No deadline for trade deal: Payne
Foreign Minister Marise Payne insists there is no end-of-year deadline for signing the freetrade agreement with Indonesia despite speculation a date would be set during a meeting yesterday with her Indonesian counterpart in Bali.
Senator Payne and Indonesian Foreign Minister Retno Marsudi appeared relaxed as they emerged from a 45-minute meeting on the sidelines of the Bali Democracy Forum where they briefly discussed Australia’s review into the possible relocation of its Israel embassy from Tel Aviv to Jerusalem.
It was the second bilateral meeting between the two ministers since Scott Morrison first suggested Australia was open to moving its embassy to Jerusalem, and since a flurry of text messages from Ms Retno to Ms Payne warning of the potential damage to the bilateral relationship were leaked to the media.
The two also met on the sidelines of the APEC conference in Papua New Guinea last month.
Unease in Jakarta over the possibility of an embassy move has strained the relationship and prompted the Indonesian gov- ernment to put on ice the longnegotiated Indonesia Australia Comprehensive Economic Partnership Agreement, which was to have been signed last month.
Instead Jakarta has made it clear it is waiting for confirmation from Canberra that the embassy will remain in Tel Aviv before it agrees to finalise the deal.
Mr Morrison told President Joko Widodo during a meeting at the ASEAN summit in Singapore last month that a review was under way and a decision would be made before Christmas.
Senator Payne described her meeting yesterday with Ms Retno as “extremely warm and extremely positive” with the two discussing ways of co-ordinating assistance for the return to Myanmar of willing Rohingya refugees now in Bangladesh, through the ASEAN Humanitarian Assistance Centre in Jakarta.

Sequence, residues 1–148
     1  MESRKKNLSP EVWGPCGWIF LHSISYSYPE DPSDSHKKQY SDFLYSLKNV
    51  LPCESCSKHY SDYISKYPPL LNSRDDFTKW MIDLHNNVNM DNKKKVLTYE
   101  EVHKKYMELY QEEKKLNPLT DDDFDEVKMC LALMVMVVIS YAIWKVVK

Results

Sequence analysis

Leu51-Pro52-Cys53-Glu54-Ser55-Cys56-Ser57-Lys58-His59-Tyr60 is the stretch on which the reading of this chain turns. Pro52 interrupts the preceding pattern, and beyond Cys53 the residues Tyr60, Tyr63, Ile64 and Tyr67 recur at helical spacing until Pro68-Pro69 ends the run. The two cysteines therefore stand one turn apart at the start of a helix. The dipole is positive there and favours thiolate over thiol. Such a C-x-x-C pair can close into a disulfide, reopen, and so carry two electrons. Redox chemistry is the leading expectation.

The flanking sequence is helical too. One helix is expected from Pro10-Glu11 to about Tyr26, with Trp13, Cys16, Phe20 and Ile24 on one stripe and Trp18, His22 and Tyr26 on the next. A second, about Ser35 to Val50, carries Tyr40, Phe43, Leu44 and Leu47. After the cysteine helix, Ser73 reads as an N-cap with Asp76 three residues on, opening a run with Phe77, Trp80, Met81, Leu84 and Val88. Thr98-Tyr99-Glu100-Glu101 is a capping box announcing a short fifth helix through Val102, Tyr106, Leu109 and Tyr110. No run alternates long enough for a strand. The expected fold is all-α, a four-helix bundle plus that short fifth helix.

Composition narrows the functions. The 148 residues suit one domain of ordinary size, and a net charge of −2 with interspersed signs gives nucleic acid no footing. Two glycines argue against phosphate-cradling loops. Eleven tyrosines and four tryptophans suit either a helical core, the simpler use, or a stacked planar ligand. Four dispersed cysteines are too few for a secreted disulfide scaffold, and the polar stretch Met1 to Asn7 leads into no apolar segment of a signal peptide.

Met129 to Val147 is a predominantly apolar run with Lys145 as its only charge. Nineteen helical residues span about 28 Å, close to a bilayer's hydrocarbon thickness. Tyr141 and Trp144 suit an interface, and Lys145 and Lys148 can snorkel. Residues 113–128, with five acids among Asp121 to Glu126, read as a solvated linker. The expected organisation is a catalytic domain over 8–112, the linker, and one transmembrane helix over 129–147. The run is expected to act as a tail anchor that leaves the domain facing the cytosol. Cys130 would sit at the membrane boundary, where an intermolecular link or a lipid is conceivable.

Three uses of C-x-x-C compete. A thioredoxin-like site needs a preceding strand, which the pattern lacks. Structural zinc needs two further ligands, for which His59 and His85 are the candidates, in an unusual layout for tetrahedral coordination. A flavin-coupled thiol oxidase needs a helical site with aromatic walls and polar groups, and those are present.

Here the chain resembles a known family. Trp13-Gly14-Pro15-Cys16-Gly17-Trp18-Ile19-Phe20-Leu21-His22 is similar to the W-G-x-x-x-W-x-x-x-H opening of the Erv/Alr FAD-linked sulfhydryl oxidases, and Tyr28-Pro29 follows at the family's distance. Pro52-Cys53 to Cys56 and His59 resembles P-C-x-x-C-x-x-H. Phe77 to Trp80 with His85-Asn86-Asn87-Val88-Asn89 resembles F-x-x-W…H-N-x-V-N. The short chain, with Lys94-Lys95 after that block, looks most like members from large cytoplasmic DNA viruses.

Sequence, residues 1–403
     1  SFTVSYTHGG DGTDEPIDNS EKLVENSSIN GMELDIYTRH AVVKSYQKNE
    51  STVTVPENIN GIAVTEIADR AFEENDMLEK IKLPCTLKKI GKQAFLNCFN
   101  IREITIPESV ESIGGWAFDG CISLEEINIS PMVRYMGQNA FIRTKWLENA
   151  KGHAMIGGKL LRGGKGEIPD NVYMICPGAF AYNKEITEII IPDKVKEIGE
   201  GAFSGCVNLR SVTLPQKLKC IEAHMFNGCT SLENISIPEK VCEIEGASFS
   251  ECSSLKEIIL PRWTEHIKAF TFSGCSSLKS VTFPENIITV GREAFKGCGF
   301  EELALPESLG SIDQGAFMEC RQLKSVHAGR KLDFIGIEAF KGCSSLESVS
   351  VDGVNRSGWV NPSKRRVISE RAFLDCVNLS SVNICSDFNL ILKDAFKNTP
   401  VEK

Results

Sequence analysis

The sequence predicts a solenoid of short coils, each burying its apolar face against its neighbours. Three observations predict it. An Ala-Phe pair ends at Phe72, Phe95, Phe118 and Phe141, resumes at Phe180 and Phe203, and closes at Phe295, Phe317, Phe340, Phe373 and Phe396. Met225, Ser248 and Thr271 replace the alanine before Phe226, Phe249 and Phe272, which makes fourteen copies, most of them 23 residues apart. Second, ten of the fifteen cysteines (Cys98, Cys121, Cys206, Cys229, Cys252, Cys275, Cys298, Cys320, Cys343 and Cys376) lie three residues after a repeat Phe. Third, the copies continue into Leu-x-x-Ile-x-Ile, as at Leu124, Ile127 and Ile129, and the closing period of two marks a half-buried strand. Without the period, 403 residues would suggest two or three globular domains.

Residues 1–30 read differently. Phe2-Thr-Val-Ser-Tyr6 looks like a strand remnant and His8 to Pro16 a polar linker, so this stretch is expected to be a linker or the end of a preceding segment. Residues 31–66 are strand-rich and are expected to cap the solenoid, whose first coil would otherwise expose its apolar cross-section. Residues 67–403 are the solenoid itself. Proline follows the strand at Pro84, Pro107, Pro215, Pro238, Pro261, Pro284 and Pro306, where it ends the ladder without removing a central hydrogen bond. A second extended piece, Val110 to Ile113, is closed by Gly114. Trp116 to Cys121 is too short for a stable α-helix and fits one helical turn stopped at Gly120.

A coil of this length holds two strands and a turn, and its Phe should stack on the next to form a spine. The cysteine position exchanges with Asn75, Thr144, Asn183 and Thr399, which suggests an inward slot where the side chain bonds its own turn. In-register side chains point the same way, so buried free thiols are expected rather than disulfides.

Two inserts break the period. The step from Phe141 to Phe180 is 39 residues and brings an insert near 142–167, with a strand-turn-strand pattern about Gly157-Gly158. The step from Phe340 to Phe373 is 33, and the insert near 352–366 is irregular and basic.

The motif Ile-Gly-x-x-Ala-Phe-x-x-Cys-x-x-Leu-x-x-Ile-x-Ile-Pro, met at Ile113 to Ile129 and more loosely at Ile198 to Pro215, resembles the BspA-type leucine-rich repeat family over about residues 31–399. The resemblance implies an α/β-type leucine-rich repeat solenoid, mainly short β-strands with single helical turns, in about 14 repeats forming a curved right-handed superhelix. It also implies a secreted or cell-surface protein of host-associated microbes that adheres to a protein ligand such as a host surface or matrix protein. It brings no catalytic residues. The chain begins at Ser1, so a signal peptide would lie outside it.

Senator Payne confirmed they discussed “briefly the process of the (Israel embassy) review and the timing the Prime Minister has committed to in relation to that which is about to come this month”.
But she swept aside suggestions by a senior Indonesian minister that the deal would be signed by the end of this year, saying: “We haven’t put a timeline on that. I’ve said it will be signed when it’s ready.”
Indonesia is one of the most steadfast supporters of the Palestinian cause and has warned Canberra the relocation would “harm the bilateral relationship”.
Australia’s ambiguous position on the issue has caused some anger in Indonesia where small groups of protesters staged demonstrations outside the Jakarta embassy and Surabaya consulate last week demanding Australia drop the idea.
Indonesia’s Trade Minister Enggartiasto Lukita said this week it was now up to the two countries’ foreign ministers to set a date for the potential signing of the IA-CEPA.
But Evan Laksmana, a senior researcher with Jakarta’s Centre for Strategic and International Studies, said the Palestinian issue was “at the core of Indonesian foreign policy”.